Urban Sprawl and Public Health: Designing, Planning, and Building for Healthy Communitiesby Howard Frumkin, Lawrence Frank, Richard J. Jackson
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In Urban Sprawl and Public Health, Howard Frumkin, Lawrence Frank, and Richard Jackson, three of the nation's leading public health and urban planning experts explore an intriguing question: How does the physical environment in which we live affect our health? For decades, growth and development in our communities has been of the low-density, automobile-dependent type known as sprawl. The authors examine the direct and indirect impacts of sprawl on human health and well-being, and discuss the prospects for improving public health through alternative approaches to design, land use, and transportation.
Urban Sprawl and Public Health offers a comprehensive look at the interface of urban planning, architecture, transportation, community design, and public health. It summarizes the evidence linking adverse health outcomes with sprawling development, and outlines the complex challenges of developing policy that promotes and protects public health. Anyone concerned with issues of public health, urban planning, transportation, architecture, or the environment will want to read Urban Sprawl and Public Health.
"Urban Sprawl and Public Health is written for urban planners, public health practitioners, and the general public.
The authors acknowledge that Smart Growth initatives face barriers, such as market preferences for suburbs, but point out that solutions to these issues will require input from many sectors in society, including health professionals, planners and develpers. Yet Frumkin et al. also argue that there is a need for citizens to take greater responsibility for their personal daily activities and to have a healthy lifestyle.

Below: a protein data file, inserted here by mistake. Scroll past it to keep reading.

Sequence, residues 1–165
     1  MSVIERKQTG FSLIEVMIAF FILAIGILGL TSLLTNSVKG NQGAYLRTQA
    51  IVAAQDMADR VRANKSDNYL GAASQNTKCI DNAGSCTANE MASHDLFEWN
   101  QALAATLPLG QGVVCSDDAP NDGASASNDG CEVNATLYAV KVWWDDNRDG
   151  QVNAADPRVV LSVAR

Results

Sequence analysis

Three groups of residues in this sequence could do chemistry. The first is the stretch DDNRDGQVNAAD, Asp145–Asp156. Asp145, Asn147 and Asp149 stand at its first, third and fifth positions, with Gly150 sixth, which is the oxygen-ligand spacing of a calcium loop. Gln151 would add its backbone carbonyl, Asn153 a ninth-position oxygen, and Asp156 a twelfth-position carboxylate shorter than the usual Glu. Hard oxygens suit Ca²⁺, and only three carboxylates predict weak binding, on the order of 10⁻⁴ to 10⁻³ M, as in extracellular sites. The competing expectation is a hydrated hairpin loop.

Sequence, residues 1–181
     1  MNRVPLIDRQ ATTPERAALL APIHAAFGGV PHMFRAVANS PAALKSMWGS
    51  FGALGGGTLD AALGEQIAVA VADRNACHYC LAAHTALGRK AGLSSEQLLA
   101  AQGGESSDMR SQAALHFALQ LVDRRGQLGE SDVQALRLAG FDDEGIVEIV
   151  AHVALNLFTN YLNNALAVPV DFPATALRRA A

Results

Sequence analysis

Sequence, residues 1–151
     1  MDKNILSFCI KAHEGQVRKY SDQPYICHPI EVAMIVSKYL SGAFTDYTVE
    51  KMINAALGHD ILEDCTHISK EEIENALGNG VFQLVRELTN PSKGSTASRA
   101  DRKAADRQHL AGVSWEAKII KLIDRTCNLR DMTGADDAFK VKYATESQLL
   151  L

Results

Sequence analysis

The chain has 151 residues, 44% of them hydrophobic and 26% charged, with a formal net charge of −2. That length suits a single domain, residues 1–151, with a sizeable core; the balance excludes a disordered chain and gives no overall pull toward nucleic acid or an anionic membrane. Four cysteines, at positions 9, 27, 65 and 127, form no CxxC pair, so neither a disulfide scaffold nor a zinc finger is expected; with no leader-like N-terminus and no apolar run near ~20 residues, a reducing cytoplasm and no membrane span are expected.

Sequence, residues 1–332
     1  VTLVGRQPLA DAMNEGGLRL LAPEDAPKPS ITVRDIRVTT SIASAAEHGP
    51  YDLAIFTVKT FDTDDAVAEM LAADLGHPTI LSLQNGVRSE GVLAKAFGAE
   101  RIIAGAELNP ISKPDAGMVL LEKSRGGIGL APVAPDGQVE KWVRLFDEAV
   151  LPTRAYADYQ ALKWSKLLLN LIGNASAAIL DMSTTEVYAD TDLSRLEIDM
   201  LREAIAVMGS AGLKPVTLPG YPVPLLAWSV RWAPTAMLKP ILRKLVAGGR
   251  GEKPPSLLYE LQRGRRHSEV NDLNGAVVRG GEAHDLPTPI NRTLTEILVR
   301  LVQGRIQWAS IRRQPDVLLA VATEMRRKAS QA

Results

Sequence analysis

Overall, the authors provide a well-informed discussion on urban planning and health issues and present feasible public health solutions that may be incorporated into many urban development projects."
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Urban Sprawl and Public Health
Designing, Planning, and Building for Healthy Communities
By Howard Frumkin, Lawrence Frank, Richard Jackson
ISLAND PRESSCopyright © 2004 Howard Frumkin, Lawrence Frank, and Richard Jackson
All rights reserved.
WHAT IS SPRAWL? WHAT DOES IT HAVE TO DO WITH HEALTH?
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In 1956, the Federal Highway Act set out to "disperse our factories, our stores, our people, in short, to create a revolution in living habits." Within a year, writer and social critic William H. Whyte was already deeply disturbed by what he saw. Highways were allowing cities to expand rapidly into surrounding rural areas. In a short article published in Fortune magazine in January 1958, entitled simply "Urban Sprawl," Whyte observed that "huge patches of once green countryside have been turned into vast, smog-filled deserts that are neither city, suburb, nor country." "It is not merely that the countryside is ever receding," he warned, but "in the great expansion of the metropolitan areas the subdivisions of one city are beginning to meet up with the subdivisions of another."
Nearly a half century later, the term "sprawl" has entered the American vernacular. Originally a reference to a bodily position—"to lie or sit with arms and legs spread out"—the word has more recently assumed a broader meaning: "to spread or develop irregularly." The Vermont Forum on Sprawl (www.vtsprawl.org) offers a succinct definition of sprawl as "dispersed, auto-dependent development outside of compact urban and village centers, along highways, and in rural countryside."
In common use, sprawl has become a pejorative term. It seems to take on a variety of meanings: cheaply and quickly built neighborhoods at the edge of metropolitan areas, architecturally monotonous residential subdivisions, ugly feeder roads lined with strip malls, lifestyles that center around car trips. Critics of sprawl have unleashed a torrent of pungent prose. William H. Whyte, in his original Fortune magazine article, wrote:
Sprawl is bad aesthetics; it is bad economics. Five acres is being made to do the work of one, and do it very poorly. This is bad for the farmers, it is bad for communities, it is bad for industry, it is bad for utilities, it is bad for the railroads, it is bad for the recreation groups, it is bad even for the developers.
Forty years later, a less measured James Kunstler derided sprawl in The Geography of Nowhere as "depressing, brutal, ugly, unhealthy, and spiritually degrading."